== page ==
SAN SALVADOR, El Salvador -- Gen. Colin Powell's statements about a Persian Gulf-style solution to El Salvador's civil war caused a controversy in the country Tuesday.
Calling the statements by the chairman of the Joint Chiefs of Staff 'a senseless, militaristic threat,' rebel commander Salvador Guerra said, 'This is not the Persian Gulf. Here we have a civil struggle, an internal conflict in El Salvador between two forces.'
Guerra, who is particpating in peace talks in Mexico City between the U.S.-backed Salvadoran government and the Farabundo Marti National Liberation Front, made the statements in an telephone interview on San Salvador radio station YSU.
Powell ended a two-day swing through Central America on Monday with a news conference in Honduras, where he held out the possibility of a Persian Gulf-style solution to El Salvador's civil war if the year-old peace negotiations do not bear fruit.
Asked about a Persian Gulf-style solution, Powell spoke at length about political, as opposed to military, solutions being the model for dealing with modern conflicts.
'But at the same time,' he added, 'if it becomes necessary to defend freedom, then one must do it.'
El Salvador's major right-wing daily newpaper, Diario de Hoy, published a huge front-page headline saying, 'Powell Suggests Intervention in El Salvador.'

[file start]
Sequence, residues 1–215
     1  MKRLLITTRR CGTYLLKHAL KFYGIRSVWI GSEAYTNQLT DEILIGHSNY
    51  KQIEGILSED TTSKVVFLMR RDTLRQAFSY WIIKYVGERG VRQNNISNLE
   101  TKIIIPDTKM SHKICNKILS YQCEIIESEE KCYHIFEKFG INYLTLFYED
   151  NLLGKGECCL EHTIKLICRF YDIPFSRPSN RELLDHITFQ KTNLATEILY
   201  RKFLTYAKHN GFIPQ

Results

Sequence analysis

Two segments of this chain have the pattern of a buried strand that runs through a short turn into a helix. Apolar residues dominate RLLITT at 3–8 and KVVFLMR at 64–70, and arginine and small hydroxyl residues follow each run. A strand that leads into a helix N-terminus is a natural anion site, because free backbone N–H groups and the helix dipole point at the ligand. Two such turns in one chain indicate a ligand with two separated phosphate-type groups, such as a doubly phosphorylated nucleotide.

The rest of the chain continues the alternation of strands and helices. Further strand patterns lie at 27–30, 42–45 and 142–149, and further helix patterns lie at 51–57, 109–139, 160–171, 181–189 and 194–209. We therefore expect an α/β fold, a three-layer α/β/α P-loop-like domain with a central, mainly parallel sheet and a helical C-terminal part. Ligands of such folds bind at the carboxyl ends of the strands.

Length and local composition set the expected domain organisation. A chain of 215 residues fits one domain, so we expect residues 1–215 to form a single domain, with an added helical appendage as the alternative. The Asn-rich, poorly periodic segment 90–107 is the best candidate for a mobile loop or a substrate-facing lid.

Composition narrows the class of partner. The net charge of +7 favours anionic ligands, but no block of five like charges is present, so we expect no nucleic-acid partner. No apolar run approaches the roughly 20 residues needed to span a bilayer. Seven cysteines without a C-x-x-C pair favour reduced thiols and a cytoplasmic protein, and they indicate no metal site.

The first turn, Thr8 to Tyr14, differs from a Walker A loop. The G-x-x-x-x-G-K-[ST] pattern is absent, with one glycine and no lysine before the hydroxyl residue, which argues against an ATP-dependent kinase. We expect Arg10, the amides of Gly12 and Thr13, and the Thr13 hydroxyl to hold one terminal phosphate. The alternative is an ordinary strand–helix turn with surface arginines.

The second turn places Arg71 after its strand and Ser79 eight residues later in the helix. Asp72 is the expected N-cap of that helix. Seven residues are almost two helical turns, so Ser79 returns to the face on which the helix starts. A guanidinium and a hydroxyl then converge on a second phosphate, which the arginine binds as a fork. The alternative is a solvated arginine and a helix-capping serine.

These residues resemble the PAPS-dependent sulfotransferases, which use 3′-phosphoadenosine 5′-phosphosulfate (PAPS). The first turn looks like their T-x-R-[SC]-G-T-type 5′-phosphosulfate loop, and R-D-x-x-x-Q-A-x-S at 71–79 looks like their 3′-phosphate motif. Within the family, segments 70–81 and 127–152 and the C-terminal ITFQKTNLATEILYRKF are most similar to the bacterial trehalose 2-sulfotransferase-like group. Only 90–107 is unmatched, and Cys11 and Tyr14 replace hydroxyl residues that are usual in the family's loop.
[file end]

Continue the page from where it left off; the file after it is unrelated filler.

U.S. Embassy spokeswoman Pamela Cory Archer said the headline was 'extremely misleading.' Another embassy official said Powell's statement was misinterpreted by the Spanish-language media, and was 'a far cry from explicit endorsement' of sending U.S. soldiers to El Salvador, where some 75,000 people have died in the war or related political violence.
The United States has been a major player in El Salvador's civil war, providing government forces with guns, ammunition, helicopters, airplanes, intelligence information and training.
Since the war began in 1980, the United States has financed the Salvadoran military with about $1 billion in military aid. The United States also has provided $3 billion in economic aid, part of which was funneled into counterinsurgency programs aimed at winning the hearts and minds of Salvadoran peasants through public works projects.
A permanent contingent of 50 U.S. military advisers help Salvadoran officers run the war.
Both Powell and rebel commander Guerra said they hoped the current round of peace talks will bring a prompt cease-fire. But combat intensified in the Salvadoran countryside despite the negotiations.
The Armed Forces Press Committee and the Salvadoran Red Cross reported 29 people killed in fighting Monday and early Tuesday, including three civilians. The army press office said a civilian and a soldier were killed Monday afternoon in a three-hour rebel attack on the town of Quezaltepeque, 11 miles northwest of San Salvador.
Combat also was reportedd Monday around the town of Jucuaran, 71 miles southeast of the capital, and scattered fighting continued there Tuesday morning, military sources said.